Julie Baumgardner: Tailspins, tantrums and treasures with toddlers

Julie Baumgardner: Tailspins, tantrums and treasures with toddlers

March 24th, 2013 Julie Baumgardner in Entertainment

Brooke and Chris Womack have a 3-year-old and 16-month-old. Recently, Brooke was convinced there was an intruder in their house when she heard noises coming from their family room at two in the morning. In reality, it was just their son, Marshall, who had escaped from his bedroom and came downstairs to watch "Veggie Tales."

"After nearly having heart failure, we told him he needed to go back to bed," said Brooke. "It is funny now, but it was not funny at the time."

Walking through toddlerhood with your child can feel like a never-ending roller coaster ride. One moment you are laughing hysterically at something they said or did and the next moment you are ready to pull your hair out as you round the corner to find them playing in the potty. How is it possible for a tiny little being to absolutely get the best of us as parents?

Does it help at all to know that being in perpetual motion, throwing food on the floor, being curious and constantly saying the word "No" are all part of normal child development? The very behaviors that drive you crazy are what a child needs to do in order to advance to the next developmental stage. The stubbornness that keeps your child from minding you is the same quality that helps him or her get up after a fall and keep trying.

There is no question that parenting is tiring and often very frustrating, even more so when you lose your cool and find yourself throwing a temper tantrum.

Coping Tips for Parents

Here are a few suggestions to help you regain your composure.

• Learn the developmental stages. It is easy to take behavior personally when you think your child is intentionally doing something to push your buttons. When you know the behavior is developmentally appropriate, it is easier to deal with the behavior without getting emotional.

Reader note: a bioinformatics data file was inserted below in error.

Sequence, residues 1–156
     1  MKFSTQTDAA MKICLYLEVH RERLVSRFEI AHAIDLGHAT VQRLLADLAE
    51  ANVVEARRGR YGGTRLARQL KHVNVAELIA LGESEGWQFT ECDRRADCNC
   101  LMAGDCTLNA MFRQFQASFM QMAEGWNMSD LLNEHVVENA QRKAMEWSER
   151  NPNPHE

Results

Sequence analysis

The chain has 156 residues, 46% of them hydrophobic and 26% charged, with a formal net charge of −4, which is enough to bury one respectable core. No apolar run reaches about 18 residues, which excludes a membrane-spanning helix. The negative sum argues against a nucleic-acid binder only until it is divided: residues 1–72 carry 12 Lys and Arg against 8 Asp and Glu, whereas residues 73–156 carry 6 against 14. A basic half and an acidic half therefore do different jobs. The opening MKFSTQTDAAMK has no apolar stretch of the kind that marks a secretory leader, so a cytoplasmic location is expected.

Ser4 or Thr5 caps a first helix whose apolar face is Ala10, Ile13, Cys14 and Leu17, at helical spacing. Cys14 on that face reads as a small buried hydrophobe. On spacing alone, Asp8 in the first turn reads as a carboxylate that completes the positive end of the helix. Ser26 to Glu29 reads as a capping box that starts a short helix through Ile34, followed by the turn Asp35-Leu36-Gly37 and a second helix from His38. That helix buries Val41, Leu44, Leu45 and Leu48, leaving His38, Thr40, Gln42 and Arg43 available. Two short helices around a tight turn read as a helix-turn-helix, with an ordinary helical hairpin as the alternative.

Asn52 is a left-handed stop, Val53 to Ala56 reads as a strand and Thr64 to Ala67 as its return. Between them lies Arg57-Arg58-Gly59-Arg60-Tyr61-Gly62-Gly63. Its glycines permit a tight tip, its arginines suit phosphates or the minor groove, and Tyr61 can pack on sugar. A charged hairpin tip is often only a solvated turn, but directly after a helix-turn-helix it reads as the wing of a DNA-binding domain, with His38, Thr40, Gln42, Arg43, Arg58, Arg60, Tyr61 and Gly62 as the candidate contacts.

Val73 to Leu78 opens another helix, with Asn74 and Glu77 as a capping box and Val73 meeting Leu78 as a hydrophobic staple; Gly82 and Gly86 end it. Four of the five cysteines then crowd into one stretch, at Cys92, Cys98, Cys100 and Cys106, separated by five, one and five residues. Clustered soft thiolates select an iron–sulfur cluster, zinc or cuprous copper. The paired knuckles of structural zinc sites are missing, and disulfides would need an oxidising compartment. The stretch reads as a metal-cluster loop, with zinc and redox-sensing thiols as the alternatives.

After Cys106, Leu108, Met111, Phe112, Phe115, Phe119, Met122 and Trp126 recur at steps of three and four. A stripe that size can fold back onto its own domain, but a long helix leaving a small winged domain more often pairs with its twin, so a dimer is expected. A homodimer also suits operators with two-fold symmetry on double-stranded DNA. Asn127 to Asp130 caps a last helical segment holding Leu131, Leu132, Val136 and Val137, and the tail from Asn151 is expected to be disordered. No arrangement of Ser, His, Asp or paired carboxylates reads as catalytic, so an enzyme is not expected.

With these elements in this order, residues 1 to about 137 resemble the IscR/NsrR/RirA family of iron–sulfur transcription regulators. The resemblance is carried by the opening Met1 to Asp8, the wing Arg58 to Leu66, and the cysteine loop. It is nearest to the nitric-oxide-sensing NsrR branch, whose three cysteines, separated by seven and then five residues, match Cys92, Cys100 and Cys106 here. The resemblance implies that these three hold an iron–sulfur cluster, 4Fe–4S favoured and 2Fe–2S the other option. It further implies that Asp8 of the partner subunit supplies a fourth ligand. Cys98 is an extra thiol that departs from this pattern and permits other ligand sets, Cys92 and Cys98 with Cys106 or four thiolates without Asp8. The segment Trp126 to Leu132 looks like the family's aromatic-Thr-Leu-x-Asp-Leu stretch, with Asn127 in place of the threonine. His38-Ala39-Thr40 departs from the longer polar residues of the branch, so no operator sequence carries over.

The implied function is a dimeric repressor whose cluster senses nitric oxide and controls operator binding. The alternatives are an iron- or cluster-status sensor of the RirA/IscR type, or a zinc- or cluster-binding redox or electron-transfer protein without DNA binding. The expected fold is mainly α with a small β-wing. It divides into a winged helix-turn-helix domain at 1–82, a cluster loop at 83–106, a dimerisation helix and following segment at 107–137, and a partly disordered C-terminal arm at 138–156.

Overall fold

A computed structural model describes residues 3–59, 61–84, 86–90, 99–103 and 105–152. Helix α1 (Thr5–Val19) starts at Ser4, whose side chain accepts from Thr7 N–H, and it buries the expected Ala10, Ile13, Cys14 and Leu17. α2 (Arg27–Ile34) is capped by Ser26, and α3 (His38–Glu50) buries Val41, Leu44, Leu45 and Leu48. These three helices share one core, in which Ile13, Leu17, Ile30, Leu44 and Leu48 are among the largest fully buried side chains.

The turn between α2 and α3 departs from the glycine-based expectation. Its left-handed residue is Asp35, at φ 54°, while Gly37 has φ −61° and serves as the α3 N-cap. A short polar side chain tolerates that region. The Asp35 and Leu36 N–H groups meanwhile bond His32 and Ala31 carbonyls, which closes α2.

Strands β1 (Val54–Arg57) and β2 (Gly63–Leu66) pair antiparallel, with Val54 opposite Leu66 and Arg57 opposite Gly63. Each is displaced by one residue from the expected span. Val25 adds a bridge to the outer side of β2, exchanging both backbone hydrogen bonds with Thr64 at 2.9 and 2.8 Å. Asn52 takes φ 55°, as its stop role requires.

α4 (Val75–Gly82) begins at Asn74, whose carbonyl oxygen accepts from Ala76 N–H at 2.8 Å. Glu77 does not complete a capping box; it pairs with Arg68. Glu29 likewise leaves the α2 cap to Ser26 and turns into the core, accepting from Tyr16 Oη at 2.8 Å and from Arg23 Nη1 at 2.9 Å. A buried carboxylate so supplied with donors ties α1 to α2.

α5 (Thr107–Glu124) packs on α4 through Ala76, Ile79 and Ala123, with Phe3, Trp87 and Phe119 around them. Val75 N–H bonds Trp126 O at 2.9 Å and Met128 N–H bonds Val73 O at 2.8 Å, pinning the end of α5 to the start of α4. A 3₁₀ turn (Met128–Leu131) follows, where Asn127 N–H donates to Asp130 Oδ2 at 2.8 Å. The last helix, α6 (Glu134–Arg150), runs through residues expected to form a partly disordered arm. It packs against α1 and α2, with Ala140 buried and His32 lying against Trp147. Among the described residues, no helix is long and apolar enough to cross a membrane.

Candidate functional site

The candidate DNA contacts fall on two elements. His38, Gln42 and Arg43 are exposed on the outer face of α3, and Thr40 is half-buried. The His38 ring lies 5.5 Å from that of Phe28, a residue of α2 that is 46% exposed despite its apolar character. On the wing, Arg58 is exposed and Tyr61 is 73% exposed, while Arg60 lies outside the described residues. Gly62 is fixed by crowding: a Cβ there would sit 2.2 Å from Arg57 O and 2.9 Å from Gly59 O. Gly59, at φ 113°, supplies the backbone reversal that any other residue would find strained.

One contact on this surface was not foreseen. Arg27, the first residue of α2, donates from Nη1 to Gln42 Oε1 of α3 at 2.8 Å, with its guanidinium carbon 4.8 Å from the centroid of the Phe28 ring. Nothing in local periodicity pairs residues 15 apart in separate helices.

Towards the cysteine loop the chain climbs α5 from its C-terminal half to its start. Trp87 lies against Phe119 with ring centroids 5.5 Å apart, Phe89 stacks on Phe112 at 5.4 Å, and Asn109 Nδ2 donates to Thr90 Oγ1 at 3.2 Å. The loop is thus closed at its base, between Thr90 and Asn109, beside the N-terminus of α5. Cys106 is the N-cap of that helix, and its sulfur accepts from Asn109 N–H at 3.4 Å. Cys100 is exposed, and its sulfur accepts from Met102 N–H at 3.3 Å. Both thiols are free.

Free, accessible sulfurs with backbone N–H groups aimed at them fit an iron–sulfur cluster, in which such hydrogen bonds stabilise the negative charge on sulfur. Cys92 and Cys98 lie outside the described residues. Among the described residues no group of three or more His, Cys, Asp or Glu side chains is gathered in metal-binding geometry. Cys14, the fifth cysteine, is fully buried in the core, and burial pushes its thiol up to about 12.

• Pay attention to the environment. It is your job to provide safe surroundings. By taking away things that require you to constantly say "No" you create an environment that encourages your child to explore and learn and it sets the stage for desirable outcomes.

• Be the parent your child needs you to be. Your child is counting on you to keep them safe, which means constant supervision. They also need you to be the adult. Constant screaming at a child rarely accomplishes anything. The way you talk to and discipline your child is teaching them about relationships.

• The goal is to teach. The purpose of discipline is to teach. When giving your child direction, get on eye level with him. Use your child's name. Keep your instructions simple. Tell him what you want him to do versus what you don't want him to do. For example, "Jimmy, please put your blocks away." Avoid asking your toddler, "Why did you do that?" Instead talk with them about what they did in the simplest of terms. If you get long-winded, you have defeated the purpose of your conversation.

Surviving the toddler stage may seem daunting, but these years actually go by very quickly. Before you know it, your little one won't be so little anymore. Take the time now to learn and apply good parenting/relationship skills with your children. You'll find those toddler tailspins really can turn into treasured memories.

Julie Baumgardner is president and CEO of First Things First. Contact her at julieb@firstthings.org.